Europe, Middle East, North Africa and Central Asia
Growing Season: 2011-12
Countries: Egypt, Israel, Kyrgyzstan, Syria, Tajikistan, Turkey
General Staple Lengths: Short, Medium, Long & Extra Long
No. of Producer Groups: 13
No. of Farmers: 1,273
No. of Women Farmers: 261
Organic Cotton Production Area: 12,773 ha
Seed cotton production: 44,441 mt
Fiber (lint) production: 16,464 mt
Bales (US) of Cotton Lint: 75,570
European, Middle East, North African and Central Asian countries producing organic cotton in 2009-10 were: Egypt, Greece, Israel, Kyrgyzstan, Syria, Tajikistan, and Turkey.
Approximately 70 percent of the total area planted to cotton is located in the Delta. The remainder is found in Middle and Upper Egypt (USDA 2010). Production and productivity levels are high in Egypt. This performance originates in the fact that cotton is grown under irrigation in Egypt and grown on the fertile plains of the Nile delta. The Egyptian organic cotton industry is closely connected to the Egyptian biodynamic agricultural movement led by Dr. Abouleish of Sekem (the Egyptian biodynamic food, pharmaceutical and textile company). This ‘modern’ biodynamic agricultural movement started in 1977 on desert-land near Belbeis. In 2007, this had grown to include an estimated 460 biodynamic organic farms were estimated (growing food, cotton and other crops), covering 14.165 ha. Egyptian organic cotton farmers tend to grow independently yet feed their cotton into the SEKEM value chain.
Greece is the largest (if not the only) cotton producer in Europe, with some 80,000 farmers growing the crop. Cotton is grown in small pockets throughout the entire country. Greece imports only a small amount of cotton, but its exports are significant, making Greece the fourth largest cotton exporter in the world (USDA Economic and Statistics System).
The Greek cotton industry has shown a small interest in organic cotton. The large denim manufacturer, Accas Textile Group, is currently the only company producing (and processing)organic cotton in Greece; with producers located in Thessalia an area in Central Greece.
Israel is a small producer with about 12,000 hectares under cotton. Organic cotton is a small business. The Israeli Cotton Board reported that there are 6-7 growers producing about 150 metric tonnes of organic ELS (extra long staple) lint on about 150 hectares. Israeli organic cotton is certified by IFOAM.
In Kyrgyzstan, cotton has been grown for a long time. The production of cotton accounts for over 40 percent of the agricultural value added, with agriculture still being the main sector of the Kyrgyz economy. The organic movement in Kyrgyzstan is aiming at continuous growth over the next years. The BioCotton Project (BCP) facilitates the growth of organic and Fairtrade production and trade in and from Kyrgyzstan. The Bio Cotton Project is a collaborative initiative of local organizations Agricultural Commodity Service Cooperative and Bio Service Public Foundation.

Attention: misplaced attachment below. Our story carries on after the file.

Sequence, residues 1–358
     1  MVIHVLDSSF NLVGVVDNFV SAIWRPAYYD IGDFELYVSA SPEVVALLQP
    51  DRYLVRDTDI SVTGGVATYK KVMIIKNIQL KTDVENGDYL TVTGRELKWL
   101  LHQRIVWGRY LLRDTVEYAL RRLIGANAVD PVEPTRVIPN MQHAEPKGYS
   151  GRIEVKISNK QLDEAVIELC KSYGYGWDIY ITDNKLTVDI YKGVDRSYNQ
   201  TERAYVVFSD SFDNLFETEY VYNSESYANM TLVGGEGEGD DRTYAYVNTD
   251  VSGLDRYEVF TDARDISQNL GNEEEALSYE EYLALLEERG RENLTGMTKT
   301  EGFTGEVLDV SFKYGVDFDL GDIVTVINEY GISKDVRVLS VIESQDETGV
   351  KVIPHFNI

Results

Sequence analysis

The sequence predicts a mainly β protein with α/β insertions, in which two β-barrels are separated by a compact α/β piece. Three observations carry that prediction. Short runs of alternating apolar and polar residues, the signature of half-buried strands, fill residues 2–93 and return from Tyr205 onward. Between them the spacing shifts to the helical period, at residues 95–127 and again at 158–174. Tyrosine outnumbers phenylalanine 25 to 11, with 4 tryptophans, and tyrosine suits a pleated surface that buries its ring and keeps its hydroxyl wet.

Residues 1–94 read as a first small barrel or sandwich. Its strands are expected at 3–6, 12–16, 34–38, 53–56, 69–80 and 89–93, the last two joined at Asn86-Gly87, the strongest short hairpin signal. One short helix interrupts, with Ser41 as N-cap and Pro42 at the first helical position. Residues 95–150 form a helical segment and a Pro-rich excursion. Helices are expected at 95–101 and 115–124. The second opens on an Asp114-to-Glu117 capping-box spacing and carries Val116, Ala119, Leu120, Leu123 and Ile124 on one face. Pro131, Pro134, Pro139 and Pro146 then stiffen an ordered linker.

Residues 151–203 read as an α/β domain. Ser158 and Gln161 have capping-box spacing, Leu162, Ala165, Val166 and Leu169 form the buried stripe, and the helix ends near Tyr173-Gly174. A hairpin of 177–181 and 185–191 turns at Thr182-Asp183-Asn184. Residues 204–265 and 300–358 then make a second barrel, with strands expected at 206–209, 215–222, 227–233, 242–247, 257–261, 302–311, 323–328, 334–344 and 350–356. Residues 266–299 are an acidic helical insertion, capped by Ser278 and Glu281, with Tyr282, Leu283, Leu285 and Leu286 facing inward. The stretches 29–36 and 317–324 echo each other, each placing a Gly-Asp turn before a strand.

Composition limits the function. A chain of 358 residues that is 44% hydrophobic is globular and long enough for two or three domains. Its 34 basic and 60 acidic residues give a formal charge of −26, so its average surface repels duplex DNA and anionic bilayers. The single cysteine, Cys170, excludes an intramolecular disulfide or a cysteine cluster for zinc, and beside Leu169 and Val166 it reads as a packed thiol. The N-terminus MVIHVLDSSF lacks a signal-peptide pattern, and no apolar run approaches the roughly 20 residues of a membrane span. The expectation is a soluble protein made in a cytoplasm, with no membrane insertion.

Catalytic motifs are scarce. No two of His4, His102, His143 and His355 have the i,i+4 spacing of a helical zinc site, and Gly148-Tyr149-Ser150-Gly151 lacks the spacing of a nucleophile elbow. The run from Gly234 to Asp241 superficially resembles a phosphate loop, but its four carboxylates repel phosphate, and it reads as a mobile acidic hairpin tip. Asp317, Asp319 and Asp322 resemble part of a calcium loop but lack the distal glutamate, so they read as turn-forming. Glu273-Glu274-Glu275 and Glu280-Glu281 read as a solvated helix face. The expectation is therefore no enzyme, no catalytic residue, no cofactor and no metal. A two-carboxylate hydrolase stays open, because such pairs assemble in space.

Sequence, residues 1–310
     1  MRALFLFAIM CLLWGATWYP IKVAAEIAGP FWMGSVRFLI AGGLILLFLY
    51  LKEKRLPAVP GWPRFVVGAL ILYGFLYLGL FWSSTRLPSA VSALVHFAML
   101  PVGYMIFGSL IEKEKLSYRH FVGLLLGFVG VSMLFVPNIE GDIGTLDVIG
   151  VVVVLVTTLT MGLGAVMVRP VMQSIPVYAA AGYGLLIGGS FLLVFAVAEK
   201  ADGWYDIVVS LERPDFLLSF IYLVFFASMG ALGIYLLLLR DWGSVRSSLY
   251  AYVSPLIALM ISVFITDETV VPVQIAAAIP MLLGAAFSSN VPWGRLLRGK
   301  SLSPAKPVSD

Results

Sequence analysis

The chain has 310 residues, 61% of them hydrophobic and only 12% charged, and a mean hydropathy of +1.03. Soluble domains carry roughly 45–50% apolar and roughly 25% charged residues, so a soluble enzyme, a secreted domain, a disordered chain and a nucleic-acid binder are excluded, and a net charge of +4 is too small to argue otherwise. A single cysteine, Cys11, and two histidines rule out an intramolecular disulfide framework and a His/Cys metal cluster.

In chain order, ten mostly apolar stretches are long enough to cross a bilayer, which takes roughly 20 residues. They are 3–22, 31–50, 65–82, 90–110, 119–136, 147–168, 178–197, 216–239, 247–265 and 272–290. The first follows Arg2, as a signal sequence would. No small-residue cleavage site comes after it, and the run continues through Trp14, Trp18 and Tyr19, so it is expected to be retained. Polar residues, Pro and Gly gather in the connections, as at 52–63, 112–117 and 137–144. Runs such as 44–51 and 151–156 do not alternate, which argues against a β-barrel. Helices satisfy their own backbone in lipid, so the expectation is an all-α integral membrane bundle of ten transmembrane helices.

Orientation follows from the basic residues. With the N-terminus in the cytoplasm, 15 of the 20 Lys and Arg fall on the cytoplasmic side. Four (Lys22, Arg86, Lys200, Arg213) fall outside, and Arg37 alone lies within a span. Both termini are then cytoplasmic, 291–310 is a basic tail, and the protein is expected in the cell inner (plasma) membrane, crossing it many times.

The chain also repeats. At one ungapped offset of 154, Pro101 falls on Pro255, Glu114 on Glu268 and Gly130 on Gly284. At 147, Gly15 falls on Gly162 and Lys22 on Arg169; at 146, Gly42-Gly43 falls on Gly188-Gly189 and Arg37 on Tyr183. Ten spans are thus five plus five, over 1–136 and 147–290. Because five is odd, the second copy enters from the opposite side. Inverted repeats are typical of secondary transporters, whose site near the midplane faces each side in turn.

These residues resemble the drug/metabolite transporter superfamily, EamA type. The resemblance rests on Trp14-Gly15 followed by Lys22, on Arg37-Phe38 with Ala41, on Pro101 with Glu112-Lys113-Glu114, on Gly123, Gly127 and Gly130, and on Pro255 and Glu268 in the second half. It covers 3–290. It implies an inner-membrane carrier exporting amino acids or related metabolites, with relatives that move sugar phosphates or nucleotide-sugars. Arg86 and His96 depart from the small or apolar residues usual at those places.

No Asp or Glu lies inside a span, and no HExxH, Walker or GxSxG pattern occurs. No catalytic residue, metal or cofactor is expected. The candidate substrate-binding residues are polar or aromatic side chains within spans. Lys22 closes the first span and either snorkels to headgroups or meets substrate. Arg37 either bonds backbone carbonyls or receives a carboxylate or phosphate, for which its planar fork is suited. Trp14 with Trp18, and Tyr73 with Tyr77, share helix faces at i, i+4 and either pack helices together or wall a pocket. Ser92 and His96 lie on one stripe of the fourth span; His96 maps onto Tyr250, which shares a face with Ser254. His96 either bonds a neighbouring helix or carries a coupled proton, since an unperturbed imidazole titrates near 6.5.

Cotton is planted in the north, east, and central parts of Syria. Syria has been producing organic cotton since 2006. Production is in the Aleppo area. This is currently the result of one organic project; an interesting one to watch not least because of its size and production quota. Due to the 'clean' status of the land, production was quickly increased in a short period of time. All organic cotton production is certified by Control Union certifications & SGS. Syria has rapidly become one of the biggest organic cotton producers and exporters in the world.
Tajikistan’s main trading partners for (conventional) cotton are Russia, Iran, Turkey and Latvia. However, exports have increased with Tajikistan exporting cotton fiber to 18 different countries (State Committee for Statistics). In Tajikistan, Helvetas implements the Organic Value Chain Development (OVCD) project – growing organic cotton amongst other crops. The OVCD project has a long term perspective to improve the Tajik farming sector system (particularly in cotton), allowing farmers to increase their incomes and improve livelihoods in a sustainable way through alternative value chains. The OVCD project is funded by ICCO (Dutch Interchurch Organization for Development Co-operation) and Helvetas.
Turkey is the sixth largest producer of cotton in the world, and the fifth largest consumer. Cotton has been grown in Turkey for centuries and it is recognised as producing some of the finest quality in the world. Organic cotton is mostly produced in the west of Turkey (around Izmir), and in the south east. The textile industry is well-established here and is home to some of the biggest and longest-running organic textile manufacturers in the world. Turkey remains GMO-free and has a burgeoning domestic organic market.
Hear Aydin Unsal, owner of the Turkish textile company Egedeniz talk about his experiences in manufacturing organic textiles.
Baris Kocagoz, Chairman of the National Cotton Council of Turkey and the Vice Chairman of the Izmir Commodity Exchange talks about his involvement in organic cotton production.